In total we received 22.2% of hallucinations, with 13.6% of repetitiveness.


In total we received 64.5% of hallucinations, with 14% percentages of repetitiveness.


In total we received 29.1% of hallucinations, with 24.2% percentages of repetitiveness.

In GO and .NET we received many hallucinated packages across all models. Although the numbers are high, not all of the hallucinated packages were exploitable.


1. In GO, there is no centralized package repository, and all the packages are stored in different places such as private domains or repositories in GitHub, GitLab, BitBucket, etc. So when we checked the hallucinated packages we received in GO, we found that many of them were pointed to repositories that don't exist but the username in path does or pointed to domains that were already taken. In reality it means the attacker wouldn’t be able to upload malicious packages to this path.

2. In .Net, there is a centralized package repository but there are some reserved prefixes. So when we checked the hallucinated packages we received many hallucinations that start with reserved prefixes(Microsoft, AWSSDK, Google, etc.) which means an attacker that finds these hallucinations will not be able to upload packages to these paths as well.

Cross models hallucinations

After finding all the hallucinated packages in all the models above, we checked the results and compared them between the models. We looked for intersections of hallucinated packages that were received in more than one model.

I have also tested the intersection across all of the models together and found 215 hallucinated packages.

It’s interesting to note that the highest number of cross-hallucinated packages can be found between Gemini and GPT-3.5. The lowest amount is between Cohere and GPT-4. We think this data and these types of researches can shed new light about the phenomena of hallucinations in general

Heads up: Hallucinated packages in the wild?

During our research encountered an interesting python hallucinated package called “huggingface-cli”.

Hallucinated Package Case Study

I have decided to upload an empty package by the same name and see what happens. In order to verify the number of real downloads I have uploaded a dummy package called: “blabladsa123” in order to verify how many of the downloads are scanners.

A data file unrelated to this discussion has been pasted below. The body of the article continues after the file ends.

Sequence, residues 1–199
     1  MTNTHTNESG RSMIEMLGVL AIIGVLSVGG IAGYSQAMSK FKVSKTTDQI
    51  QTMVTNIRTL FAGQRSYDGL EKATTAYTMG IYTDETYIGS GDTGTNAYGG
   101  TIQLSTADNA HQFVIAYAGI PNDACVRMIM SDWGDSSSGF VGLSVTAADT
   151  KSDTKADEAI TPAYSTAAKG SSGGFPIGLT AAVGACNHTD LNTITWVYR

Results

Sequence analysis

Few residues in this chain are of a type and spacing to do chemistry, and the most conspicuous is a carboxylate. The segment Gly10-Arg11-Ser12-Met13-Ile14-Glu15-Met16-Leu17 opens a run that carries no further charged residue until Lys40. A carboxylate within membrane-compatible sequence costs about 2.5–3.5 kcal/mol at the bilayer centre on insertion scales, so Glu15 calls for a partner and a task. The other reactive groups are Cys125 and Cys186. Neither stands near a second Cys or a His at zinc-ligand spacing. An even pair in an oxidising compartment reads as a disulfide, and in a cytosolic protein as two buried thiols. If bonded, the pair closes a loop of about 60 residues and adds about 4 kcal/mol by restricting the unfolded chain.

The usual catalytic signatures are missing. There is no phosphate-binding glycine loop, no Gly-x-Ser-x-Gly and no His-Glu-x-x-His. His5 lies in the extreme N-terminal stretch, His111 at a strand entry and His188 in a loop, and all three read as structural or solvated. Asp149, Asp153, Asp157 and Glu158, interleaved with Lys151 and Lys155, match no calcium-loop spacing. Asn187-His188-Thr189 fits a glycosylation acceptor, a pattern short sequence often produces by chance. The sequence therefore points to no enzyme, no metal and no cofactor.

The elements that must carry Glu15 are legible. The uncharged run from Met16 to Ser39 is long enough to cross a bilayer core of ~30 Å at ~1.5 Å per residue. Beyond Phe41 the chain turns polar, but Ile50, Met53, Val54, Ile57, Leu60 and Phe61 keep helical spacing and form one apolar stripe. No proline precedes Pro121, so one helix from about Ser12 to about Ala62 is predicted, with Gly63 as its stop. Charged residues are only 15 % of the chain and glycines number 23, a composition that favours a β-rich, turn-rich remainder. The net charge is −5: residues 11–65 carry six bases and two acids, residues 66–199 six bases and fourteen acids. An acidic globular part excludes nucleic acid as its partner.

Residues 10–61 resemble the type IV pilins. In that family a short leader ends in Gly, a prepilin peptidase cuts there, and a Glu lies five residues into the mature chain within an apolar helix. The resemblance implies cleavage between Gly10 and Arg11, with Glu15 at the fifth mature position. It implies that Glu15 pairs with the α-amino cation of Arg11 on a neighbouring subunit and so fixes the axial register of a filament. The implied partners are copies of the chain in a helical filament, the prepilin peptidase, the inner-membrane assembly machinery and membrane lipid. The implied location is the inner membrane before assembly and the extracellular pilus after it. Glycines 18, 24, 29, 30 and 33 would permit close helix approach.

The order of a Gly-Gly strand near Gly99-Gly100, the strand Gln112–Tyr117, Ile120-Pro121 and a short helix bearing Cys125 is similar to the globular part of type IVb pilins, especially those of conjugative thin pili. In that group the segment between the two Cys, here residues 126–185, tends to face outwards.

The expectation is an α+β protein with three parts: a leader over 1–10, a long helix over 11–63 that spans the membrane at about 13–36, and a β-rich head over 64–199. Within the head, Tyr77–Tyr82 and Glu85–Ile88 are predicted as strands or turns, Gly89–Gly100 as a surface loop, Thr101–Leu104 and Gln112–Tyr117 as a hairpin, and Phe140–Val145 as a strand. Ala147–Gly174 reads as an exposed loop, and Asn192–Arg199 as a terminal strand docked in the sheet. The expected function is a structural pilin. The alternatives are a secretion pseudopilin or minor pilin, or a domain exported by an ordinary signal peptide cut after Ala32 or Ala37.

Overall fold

The results are astonishing. In three months the fake and empty package got more than 30k authentic downloads! (and still counting).

Our Hallucinated Package Adoption

In addition, we conducted a search on GitHub to determine whether this package was utilized within other companies repositories. Our findings revealed that several large companies either use or recommend this package in their repositories. For instance, instructions for installing this package can be found in the README of a repository dedicated to research conducted by Alibaba.

Recommendations (What’s Next)

I'll divide my recommendation into two main points:

​💡​ First, exercise caution when relying on Large Language Models (LLMs). If you're presented with an answer from an LLM and you're not entirely certain of its accuracy—particularly concerning software packages—make sure to conduct thorough cross-verification to ensure the information is accurate and reliable.

​💡​ Secondly, adopt a cautious approach to using Open Source Software (OSS). Should you encounter a package you're unfamiliar with, visit the package's repository to gather essential information about it. Evaluate the size of its community, its maintenance record, any known vulnerabilities, and the overall engagement it receives, indicated by stars and commits. Also, consider the date it was published and be on the lookout for anything that appears suspicious. Before integrating the package into a production environment, it's prudent to perform a comprehensive security scan.